A fire set off by a lightning strike at an oil storage facility raged uncontrollably in the city of Matanzas, where four explosions and flames injured 121 people and left 17 firefighters missing, Cuban authorities said.
Officials said an unidentified body had been found late on Saturday.
Firefighters and other specialists were still trying to quell the blaze on Saturday at the Matanzas Supertanker Base, where the fire began during a thunderstorm on Friday night, the Ministry of Energy and Mines tweeted.
Authorities said about 800 people were evacuated from the Dubrocq neighbourhood, closest to the fire.
The government said it had asked for help from international experts in “friendly countries” with experience in the oil sector.
Deputy Foreign Minister, Carlos Fernández de Cossío, said the US government had offered technical help to quell the blaze. On his Twitter account, he said the “proposal is in the hands of specialists for the due coordination”.
Minutes later, President Miguel Díaz-Canel thanked Mexico, Venezuela, Russia, Nicaragua, Argentina and Chile for their offers of help. The first support flights from Mexico and Venezuela were expected to arrive at Matanzas’ airport on Saturday night.
The US embassy in Havana said on Twitter: “We want to make clear that US law authorises US entities and organisations to provide disaster relief and response in Cuba.”
The United States had had sanctions against the one-party communist state for six decades.
The official Cuban News Agency said lightning hit one tank, starting a fire, and the blaze later spread to a second tank. As military helicopters flew overhead dropping water on the blaze, a dense column of black smoke billowed from the facility and spread westward more than 100km (62 miles) towards Havana.
Roberto de la Torre, head of fire operations in Matanzas, said firefighters were spraying water on intact tanks, trying to keep them cool in hopes of preventing the fire from spreading.
Cuba’s health minister reported late on Saturday that 121 people were injured, with five of them in critical condition. There were no deaths. The presidency of the republic said the 17 people missing were “firefighters who were in the nearest area trying to prevent the spread”.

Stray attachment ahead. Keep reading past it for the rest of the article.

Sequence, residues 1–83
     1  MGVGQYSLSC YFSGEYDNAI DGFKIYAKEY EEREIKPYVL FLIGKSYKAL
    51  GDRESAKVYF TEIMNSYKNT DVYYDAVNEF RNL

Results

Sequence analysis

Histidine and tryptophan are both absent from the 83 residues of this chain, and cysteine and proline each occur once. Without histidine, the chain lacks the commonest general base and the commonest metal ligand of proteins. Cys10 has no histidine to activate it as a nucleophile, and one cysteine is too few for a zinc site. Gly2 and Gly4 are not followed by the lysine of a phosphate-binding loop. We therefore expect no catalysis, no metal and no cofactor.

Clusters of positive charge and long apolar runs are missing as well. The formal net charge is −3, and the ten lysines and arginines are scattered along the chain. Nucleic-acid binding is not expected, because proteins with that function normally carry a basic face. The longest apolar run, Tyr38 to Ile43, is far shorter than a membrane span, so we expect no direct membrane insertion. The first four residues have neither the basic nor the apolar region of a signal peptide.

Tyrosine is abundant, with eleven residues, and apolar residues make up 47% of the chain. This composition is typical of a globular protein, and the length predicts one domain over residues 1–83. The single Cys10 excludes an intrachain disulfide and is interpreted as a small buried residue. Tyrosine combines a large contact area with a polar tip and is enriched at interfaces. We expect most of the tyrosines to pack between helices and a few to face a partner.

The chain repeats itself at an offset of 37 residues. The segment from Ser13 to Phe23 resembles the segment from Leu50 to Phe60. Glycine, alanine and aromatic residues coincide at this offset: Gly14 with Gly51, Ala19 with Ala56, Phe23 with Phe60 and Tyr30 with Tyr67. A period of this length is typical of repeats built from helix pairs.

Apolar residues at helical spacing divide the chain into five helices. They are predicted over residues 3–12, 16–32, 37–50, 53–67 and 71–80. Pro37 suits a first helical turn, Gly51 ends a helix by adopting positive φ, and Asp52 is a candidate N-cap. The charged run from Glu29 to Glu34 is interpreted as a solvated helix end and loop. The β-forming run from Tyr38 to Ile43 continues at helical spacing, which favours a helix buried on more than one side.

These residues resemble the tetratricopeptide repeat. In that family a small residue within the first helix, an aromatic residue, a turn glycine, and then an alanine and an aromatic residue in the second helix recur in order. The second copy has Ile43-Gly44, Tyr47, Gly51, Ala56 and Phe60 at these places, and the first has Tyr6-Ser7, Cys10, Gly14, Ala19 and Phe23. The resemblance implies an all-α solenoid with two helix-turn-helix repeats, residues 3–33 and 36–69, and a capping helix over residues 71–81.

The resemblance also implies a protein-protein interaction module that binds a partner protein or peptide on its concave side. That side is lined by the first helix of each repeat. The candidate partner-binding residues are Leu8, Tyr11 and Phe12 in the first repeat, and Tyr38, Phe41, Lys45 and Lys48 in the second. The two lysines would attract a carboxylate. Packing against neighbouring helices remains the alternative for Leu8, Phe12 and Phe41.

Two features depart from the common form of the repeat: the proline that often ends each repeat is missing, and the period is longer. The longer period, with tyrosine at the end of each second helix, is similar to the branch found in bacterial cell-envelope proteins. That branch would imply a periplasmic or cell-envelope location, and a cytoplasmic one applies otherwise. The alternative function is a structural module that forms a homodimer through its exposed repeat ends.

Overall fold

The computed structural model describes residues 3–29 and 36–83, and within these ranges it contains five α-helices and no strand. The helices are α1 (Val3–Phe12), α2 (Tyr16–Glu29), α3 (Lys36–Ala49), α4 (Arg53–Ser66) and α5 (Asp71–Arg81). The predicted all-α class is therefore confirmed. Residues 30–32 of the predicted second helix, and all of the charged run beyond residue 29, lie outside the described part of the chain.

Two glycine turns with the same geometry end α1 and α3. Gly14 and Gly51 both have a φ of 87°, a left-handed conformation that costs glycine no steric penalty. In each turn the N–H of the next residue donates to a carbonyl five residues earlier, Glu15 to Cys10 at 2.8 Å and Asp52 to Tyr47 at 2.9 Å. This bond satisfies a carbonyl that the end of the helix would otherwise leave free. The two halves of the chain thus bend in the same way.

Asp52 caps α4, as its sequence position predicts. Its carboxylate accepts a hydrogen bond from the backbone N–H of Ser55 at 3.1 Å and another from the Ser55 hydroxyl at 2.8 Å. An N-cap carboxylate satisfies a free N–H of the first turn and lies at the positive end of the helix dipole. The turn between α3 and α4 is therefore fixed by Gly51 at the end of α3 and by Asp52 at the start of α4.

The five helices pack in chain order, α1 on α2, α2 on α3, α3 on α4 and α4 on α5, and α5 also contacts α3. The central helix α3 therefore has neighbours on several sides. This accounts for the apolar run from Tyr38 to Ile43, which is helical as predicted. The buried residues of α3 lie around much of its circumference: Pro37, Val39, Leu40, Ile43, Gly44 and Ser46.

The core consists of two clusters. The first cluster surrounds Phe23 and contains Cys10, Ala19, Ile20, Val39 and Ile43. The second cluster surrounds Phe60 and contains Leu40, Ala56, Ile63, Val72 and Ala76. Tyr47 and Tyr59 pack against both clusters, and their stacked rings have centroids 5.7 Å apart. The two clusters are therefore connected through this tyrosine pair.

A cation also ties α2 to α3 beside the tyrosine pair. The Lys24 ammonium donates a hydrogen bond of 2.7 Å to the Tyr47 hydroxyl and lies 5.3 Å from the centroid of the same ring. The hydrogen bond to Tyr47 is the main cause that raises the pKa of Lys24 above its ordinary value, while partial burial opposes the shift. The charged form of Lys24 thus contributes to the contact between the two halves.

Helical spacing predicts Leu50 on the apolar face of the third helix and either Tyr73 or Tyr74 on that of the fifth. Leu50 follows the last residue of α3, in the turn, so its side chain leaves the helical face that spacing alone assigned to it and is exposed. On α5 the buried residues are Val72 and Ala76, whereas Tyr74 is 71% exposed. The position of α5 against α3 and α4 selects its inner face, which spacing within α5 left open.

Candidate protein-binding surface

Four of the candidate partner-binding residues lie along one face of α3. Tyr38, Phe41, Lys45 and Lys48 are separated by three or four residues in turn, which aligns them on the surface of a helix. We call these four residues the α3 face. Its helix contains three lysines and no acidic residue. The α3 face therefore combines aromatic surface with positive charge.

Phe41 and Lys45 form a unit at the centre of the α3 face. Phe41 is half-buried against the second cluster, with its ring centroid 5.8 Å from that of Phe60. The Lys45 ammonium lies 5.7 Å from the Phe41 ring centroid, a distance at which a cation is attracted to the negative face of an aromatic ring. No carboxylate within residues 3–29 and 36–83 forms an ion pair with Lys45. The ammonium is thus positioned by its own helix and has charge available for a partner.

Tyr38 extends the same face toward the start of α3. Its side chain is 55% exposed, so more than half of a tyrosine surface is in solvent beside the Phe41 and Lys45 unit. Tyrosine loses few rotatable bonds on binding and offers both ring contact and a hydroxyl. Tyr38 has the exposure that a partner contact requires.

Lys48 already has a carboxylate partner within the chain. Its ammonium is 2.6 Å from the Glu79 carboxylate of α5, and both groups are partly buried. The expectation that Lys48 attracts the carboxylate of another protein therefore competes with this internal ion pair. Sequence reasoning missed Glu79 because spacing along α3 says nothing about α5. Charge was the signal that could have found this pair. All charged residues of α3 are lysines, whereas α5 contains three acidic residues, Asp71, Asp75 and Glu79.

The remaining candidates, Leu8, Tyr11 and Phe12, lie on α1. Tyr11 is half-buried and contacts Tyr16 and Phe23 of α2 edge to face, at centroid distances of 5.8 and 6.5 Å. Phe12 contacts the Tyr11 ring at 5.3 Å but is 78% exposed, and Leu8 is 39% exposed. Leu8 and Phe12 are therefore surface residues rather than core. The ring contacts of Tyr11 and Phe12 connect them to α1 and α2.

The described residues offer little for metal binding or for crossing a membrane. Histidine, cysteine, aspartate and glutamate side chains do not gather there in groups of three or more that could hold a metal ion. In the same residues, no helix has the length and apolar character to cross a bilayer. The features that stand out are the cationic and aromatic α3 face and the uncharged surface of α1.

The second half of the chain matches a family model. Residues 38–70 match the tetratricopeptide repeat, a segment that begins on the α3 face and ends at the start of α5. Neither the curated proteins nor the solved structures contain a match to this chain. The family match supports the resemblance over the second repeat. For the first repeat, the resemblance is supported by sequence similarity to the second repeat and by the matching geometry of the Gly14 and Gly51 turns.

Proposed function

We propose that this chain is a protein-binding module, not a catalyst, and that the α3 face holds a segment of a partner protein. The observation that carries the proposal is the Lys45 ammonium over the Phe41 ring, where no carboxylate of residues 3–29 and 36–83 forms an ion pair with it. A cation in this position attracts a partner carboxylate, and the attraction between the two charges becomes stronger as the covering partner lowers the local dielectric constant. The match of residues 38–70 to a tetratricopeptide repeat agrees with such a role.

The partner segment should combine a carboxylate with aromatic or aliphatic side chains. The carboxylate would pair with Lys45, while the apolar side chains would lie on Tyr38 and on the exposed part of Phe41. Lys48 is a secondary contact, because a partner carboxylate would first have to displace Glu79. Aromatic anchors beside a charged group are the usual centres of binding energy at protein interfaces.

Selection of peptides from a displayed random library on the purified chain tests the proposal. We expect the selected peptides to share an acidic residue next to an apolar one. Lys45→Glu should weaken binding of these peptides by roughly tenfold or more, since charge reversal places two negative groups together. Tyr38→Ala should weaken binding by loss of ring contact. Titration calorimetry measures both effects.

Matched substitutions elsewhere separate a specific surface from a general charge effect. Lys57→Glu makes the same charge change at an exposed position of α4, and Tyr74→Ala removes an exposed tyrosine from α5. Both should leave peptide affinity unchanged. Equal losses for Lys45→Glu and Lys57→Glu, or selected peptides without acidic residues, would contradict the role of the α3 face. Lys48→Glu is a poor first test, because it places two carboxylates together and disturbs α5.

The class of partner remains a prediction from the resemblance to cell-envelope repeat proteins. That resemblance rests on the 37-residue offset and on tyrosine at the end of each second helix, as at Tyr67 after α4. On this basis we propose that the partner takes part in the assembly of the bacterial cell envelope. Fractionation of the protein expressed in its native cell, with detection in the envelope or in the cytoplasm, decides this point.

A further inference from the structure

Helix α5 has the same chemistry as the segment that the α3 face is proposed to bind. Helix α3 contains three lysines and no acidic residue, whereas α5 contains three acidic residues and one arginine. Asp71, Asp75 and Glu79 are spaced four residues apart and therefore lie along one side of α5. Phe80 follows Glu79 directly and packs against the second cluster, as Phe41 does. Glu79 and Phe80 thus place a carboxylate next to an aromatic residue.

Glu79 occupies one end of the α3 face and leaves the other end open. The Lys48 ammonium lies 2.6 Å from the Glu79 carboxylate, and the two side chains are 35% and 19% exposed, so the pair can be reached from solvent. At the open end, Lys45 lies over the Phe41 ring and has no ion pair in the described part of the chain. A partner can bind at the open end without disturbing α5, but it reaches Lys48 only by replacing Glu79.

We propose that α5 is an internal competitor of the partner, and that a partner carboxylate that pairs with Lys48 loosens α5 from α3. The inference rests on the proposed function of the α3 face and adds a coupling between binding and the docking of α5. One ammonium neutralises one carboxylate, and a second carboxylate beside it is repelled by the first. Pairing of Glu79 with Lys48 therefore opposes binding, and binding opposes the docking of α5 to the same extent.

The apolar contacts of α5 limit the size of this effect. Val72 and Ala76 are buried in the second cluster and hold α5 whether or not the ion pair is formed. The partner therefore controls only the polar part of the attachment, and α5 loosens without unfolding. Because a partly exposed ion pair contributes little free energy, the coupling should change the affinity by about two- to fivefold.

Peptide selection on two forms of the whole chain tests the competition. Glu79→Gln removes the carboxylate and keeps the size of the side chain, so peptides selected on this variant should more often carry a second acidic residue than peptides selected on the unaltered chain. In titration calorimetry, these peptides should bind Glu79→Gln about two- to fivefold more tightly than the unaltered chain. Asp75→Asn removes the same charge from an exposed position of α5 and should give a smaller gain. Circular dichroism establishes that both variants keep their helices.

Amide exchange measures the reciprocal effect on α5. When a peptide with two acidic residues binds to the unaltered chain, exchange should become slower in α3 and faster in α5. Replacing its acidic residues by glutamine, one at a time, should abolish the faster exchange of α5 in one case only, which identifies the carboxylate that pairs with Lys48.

The disaster comes at a time when the island – with an outdated energy network and persistent fuel shortages – has faced mounting difficulties in meeting increased energy demands amid the severe summer heat.
Since May, authorities have imposed energy blackouts of up to 12 hours a day in some regions – sparking at least 20 protests around the nation of 11 million people.
According to Cupet, the state oil company, the first tank contained about 26,000 cubic metres of crude, about half its capacity, when it was struck by lightning. The second contained 52,000 cubic metres of fuel oil.
There was no immediate word on how much oil had burned or was in danger at the storage facility, which has eight giant tanks that hold oil used to fuel electricity generating plants.
“I was in the gym when I felt the first explosion. A column of smoke and terrible fire rose through the skies,” resident, Adiel Gonzalez, told The Associated Press news agency by phone. “The city has a strong smell of sulphur.”
He said some people also decided to leave the Versailles district, which is a little farther from the tank farm than Dubrocq.
Ginelva Hernandez, 33, said she, her husband and three children were asleep when the explosions rang out.
“We threw ourselves out of bed; when we went out to the street, the sky was yellow,” she told the AFP news agency.
“The fear of people on the street is uncontrollable,” she added.
Many ambulances, police and fire engines were seen in the streets of Matanzas, a city with about 140,000 inhabitants that was on Matanzas Bay.
Local meteorologist, Elier Pila, showed satellite images of the area with a dense plume of black smoke moving from the point of the fire westward and reaching east to Havana.
“That plume can be close to 150 kilometres (93 miles) long,” Pila wrote on his Twitter account.
SOURCE: NEWS AGENCIES